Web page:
Before taking this medicine
Diazepam should not be used if you are allergic to it or similar drugs (Klonopin, Xanax, and others), or if you have:
- myasthenia gravis (a muscle weakness disorder);
- severe liver disease;
- a severe breathing problem;
- sleep apnea (breathing stops during sleep); or
- alcoholism, or addiction to drugs similar to diazepam.
To make sure this medicine is safe for you, tell your doctor if you have ever had:
- asthma, emphysema, bronchitis, chronic obstructive pulmonary disorder (COPD), or other breathing problems;
- kidney or liver disease;
- epilepsy or other seizure disorder;
- a drug or alcohol addiction; or
- mental illness, depression, or suicidal thoughts or behavior.
How should I take diazepam?
Follow all directions on your prescription label. Your doctor may occasionally change your dose. Do not take this medicine in larger or smaller amounts or for longer than recommended.
Diazepam may be habit-forming. Misuse of habit-forming medicine can cause addiction, overdose, or death. Selling or giving away this medicine is against the law.
Measure liquid medicine with the dosing syringe provided, or with a special dose-measuring spoon or medicine cup. Do not use not a kitchen spoon. If you do not have a dose-measuring device, ask your pharmacist for one.
Diazepam should be used for only a short time. Do not take this medicine for longer than 4 months without your doctor’s advice.
Do not stop using this medicine suddenly, or you could have increased seizures or unpleasant withdrawal symptoms. Ask your doctor how to safely stop using this medicine.
Call your doctor at once if you feel that this medicine is not working as well as usual, or if you think you need to use more than usual.
While using this medicine, you may need frequent blood tests at your doctor’s office.
Store at room temperature away from moisture, heat, and light. Keep track of your medicine. Diazepam is a drug of abuse and you should be aware if anyone is using your medicine improperly or without a prescription.
Do not keep leftover diazepam. Just one dose can cause death in someone using this medicine accidentally or improperly. Ask your pharmacist where to locate a drug take-back disposal program. If there is no take-back program, flush the unused medicine down the toilet.
When treating seizures, do not start or stop taking diazepam during pregnancy without your doctor’s advice. Diazepam may cause harm to an unborn baby, but having a seizure during pregnancy could harm both the mother and the baby. Tell your doctor right away if you become pregnant while taking this medicine for seizures.
When treating anxiety, alcohol withdrawal, or muscle spasms: If you take this medicine while you are pregnant, your baby could become dependent on the drug. This can cause life-threatening withdrawal symptoms in the baby after it is born. Babies born dependent on habit-forming medicine may need medical treatment for several weeks. Tell your doctor if you are pregnant or plan to become pregnant.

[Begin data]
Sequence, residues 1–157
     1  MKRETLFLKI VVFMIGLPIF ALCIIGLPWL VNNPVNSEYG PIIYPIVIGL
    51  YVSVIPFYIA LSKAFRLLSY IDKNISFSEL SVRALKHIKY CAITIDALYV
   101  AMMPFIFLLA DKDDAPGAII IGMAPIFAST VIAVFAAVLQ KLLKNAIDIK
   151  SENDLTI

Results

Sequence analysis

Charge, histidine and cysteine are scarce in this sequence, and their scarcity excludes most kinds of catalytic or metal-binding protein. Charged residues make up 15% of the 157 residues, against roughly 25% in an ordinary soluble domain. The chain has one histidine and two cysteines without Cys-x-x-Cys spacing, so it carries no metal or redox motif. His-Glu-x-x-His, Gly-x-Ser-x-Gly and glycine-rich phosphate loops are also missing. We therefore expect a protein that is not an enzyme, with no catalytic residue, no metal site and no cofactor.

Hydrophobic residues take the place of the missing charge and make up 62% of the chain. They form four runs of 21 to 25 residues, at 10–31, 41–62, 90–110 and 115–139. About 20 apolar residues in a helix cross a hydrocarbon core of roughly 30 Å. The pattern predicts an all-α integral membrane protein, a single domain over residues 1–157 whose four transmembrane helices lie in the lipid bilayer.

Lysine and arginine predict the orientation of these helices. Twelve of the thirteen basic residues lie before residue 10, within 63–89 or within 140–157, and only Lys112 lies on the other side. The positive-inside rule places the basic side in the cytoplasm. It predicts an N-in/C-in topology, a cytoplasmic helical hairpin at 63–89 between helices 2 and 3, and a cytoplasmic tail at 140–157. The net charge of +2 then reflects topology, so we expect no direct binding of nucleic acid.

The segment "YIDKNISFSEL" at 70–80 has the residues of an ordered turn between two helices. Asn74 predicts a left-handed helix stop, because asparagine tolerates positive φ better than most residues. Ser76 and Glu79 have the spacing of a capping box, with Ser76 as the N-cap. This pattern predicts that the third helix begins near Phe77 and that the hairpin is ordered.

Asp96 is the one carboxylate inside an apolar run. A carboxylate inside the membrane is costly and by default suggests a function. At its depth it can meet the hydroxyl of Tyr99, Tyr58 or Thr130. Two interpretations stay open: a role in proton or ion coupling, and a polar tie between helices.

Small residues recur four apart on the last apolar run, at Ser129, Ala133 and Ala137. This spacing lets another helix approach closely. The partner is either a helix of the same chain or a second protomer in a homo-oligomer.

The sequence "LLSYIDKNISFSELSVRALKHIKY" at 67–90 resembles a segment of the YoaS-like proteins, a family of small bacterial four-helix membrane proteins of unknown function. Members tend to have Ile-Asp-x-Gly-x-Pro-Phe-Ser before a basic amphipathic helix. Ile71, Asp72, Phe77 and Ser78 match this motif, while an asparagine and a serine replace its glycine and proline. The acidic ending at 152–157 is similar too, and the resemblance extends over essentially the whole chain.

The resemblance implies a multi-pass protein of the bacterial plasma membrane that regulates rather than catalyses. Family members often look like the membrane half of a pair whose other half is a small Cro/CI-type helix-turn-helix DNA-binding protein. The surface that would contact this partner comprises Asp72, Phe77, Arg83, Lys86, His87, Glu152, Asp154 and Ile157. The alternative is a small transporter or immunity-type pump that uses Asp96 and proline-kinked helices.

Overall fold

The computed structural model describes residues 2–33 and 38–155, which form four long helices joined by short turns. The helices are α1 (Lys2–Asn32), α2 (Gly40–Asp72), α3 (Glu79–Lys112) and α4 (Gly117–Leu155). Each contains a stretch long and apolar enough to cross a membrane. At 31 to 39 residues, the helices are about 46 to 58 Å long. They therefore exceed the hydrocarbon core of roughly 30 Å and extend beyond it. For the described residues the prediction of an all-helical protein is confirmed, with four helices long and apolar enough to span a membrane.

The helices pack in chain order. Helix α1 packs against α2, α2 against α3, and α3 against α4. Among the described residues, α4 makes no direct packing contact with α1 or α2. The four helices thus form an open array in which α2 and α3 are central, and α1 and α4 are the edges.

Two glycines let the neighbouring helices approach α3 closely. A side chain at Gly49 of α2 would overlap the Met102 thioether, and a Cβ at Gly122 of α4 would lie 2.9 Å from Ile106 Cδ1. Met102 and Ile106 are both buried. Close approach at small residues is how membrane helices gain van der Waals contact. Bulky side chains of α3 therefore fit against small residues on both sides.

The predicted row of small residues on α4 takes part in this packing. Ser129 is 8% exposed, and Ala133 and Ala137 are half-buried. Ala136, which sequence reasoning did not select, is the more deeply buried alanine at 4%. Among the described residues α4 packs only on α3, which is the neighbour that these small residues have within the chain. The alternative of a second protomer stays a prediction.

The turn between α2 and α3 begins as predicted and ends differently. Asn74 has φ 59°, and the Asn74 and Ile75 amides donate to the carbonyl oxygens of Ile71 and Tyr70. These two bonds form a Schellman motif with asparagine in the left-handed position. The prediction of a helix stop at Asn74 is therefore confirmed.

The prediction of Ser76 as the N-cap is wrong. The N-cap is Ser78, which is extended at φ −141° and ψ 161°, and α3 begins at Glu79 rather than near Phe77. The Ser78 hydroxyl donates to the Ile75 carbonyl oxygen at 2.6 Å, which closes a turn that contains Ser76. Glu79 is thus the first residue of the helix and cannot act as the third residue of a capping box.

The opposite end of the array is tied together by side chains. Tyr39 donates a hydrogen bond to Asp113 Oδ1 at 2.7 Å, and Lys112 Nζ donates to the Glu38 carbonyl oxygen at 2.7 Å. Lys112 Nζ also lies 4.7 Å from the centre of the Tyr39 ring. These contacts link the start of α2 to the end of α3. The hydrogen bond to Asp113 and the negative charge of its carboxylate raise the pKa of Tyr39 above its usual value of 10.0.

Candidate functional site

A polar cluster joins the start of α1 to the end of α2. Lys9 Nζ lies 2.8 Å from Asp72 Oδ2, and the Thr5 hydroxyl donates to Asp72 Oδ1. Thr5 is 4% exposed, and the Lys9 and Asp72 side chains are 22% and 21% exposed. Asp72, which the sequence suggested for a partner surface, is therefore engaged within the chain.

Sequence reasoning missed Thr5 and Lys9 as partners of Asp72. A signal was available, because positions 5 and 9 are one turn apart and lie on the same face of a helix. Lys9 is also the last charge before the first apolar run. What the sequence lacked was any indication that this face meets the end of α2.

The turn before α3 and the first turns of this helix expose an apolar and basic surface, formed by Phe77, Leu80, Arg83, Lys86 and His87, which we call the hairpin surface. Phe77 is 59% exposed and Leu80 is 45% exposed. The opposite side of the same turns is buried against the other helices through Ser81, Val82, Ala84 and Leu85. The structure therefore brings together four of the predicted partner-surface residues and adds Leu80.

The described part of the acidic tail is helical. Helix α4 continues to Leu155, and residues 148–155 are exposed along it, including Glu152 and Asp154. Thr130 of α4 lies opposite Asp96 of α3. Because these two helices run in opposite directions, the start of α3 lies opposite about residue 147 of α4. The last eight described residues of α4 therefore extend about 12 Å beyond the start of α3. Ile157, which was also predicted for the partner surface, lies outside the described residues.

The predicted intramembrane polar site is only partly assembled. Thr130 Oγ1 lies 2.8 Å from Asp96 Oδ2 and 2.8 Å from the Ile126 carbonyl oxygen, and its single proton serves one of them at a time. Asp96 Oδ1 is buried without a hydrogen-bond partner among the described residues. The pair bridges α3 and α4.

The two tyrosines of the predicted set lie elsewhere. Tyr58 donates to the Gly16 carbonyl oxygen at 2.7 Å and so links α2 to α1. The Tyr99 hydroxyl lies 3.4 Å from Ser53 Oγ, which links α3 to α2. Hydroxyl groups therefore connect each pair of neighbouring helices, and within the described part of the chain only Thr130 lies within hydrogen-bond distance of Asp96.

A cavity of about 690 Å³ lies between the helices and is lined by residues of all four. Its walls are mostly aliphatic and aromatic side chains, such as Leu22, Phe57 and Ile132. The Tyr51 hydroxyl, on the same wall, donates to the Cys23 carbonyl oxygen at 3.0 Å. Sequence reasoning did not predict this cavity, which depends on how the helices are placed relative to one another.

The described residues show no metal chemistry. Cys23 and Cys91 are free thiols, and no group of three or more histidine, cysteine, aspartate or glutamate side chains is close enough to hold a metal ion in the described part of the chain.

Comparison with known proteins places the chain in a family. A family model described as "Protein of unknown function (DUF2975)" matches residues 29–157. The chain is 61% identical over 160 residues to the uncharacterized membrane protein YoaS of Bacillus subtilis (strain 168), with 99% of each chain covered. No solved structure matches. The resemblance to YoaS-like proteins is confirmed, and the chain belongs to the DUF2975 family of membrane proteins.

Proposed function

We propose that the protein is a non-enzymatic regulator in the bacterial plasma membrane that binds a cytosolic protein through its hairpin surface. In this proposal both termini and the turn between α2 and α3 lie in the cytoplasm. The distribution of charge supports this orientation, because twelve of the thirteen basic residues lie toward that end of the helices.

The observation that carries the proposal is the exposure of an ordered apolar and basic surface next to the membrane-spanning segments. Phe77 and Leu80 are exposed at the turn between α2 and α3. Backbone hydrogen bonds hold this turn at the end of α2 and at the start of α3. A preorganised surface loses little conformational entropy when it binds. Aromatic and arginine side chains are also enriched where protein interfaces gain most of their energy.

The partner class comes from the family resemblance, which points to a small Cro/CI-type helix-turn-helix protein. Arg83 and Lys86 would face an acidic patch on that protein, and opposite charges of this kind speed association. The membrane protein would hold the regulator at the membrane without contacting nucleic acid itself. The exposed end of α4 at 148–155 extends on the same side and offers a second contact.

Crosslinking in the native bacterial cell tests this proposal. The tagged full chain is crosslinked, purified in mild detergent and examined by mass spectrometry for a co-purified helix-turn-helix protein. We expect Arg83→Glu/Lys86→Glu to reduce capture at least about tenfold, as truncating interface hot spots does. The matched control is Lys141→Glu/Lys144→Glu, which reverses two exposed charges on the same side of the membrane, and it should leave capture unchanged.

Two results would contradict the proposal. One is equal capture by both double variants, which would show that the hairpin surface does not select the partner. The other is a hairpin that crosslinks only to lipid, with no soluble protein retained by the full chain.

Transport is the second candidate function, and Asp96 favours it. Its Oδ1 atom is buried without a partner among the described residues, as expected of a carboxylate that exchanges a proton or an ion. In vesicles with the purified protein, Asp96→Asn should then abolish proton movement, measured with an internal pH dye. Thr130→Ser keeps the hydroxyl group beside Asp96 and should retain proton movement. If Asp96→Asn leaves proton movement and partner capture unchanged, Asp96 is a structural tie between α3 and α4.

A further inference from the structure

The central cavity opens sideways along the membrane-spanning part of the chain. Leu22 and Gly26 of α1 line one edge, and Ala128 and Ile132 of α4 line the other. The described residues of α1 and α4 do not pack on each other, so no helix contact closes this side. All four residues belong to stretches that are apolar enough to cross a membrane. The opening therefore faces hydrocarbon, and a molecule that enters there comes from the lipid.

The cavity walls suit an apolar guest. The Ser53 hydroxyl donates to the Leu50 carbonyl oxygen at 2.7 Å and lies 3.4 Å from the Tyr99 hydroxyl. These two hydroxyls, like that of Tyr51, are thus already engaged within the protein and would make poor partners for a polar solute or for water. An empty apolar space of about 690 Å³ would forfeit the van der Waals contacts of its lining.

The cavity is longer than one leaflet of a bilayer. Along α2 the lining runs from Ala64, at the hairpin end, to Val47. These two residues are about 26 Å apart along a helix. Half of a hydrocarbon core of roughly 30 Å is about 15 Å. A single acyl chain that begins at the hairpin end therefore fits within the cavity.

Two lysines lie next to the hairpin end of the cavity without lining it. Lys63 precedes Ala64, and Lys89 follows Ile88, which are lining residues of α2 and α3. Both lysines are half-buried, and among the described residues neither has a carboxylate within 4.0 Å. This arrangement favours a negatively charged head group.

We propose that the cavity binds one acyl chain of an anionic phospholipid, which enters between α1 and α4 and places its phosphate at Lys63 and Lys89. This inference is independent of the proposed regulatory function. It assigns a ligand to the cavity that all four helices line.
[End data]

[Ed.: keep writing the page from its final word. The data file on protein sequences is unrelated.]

What happens if I miss a dose?
Take the missed dose as soon as you remember. Skip the missed dose if it is almost time for your next scheduled dose. Do not take extra medicine to make up the missed dose.
What happens if I overdose?
Seek emergency medical attention or call the Poison Help line at 1-800-222-1222. An overdose of diazepam can be fatal.
Overdose symptoms may include extreme drowsiness, loss of balance or coordination, limp or weak muscles, or fainting.
What should I avoid while taking diazepam?
Do not drink alcohol. Dangerous side effects could occur.
Avoid driving or hazardous activity until you know how this medicine will affect you. Dizziness or drowsiness can cause falls, accidents, or severe injuries.
Grapefruit may interact with diazepam and lead to unwanted side effects. Avoid the use of grapefruit products.
Diazepam side effects
Get emergency medical help if you have signs of an allergic reaction to diazepam: hives; difficult breathing; swelling of your face, lips, tongue, or throat.
Diazepam can slow or stop your breathing, and death may occur. A person caring for you should seek emergency medical attention if you have slow breathing with long pauses, blue colored lips, or if you are hard to wake up.
Call your doctor at once if you have:
- weak or shallow breathing;
- severe drowsiness or feeling like you might pass out;
- depressed mood, thoughts of suicide or hurting yourself;
- confusion, hallucinations;
- anxiety, panic attacks, trouble sleeping;
- hyperactivity, agitation, aggression, hostility;
- unusual risk-taking behavior; or
- new or worsening seizures.
The sedative effects of diazepam may last longer in older adults. Accidental falls are common in elderly patients who take benzodiazepines. Use caution to avoid falling or accidental injury while you are taking this medicine.
Common diazepam side effects may include:
- tired feeling;
What other drugs will affect diazepam?
Taking diazepam with other drugs that make you sleepy or slow your breathing can cause dangerous side effects or death. Ask your doctor before taking a sleeping pill, opioid pain medicine, prescription cough medicine, a muscle relaxer, or medicine for anxiety, depression, or seizures.
Other drugs may interact with diazepam, including prescription and over-the-counter medicines, vitamins, and herbal products. Tell your doctor about all your current medicines and any medicine you start or stop using.
You should not use this medicine if you are allergic to diazepam or similar medicines (Klonopin, Xanax, and others), or if you have myasthenia gravis, severe liver disease, narrow-angle glaucoma, a severe breathing problem, or sleep apnea.
MISUSE OF THIS MEDICINE CAN CAUSE ADDICTION, OVERDOSE, OR DEATH, especially in a child or other person using the medicine without a prescription.
Fatal side effects can occur if you use this medicine with opioid medicine, alcohol, or other drugs that cause drowsiness or slow your breathing.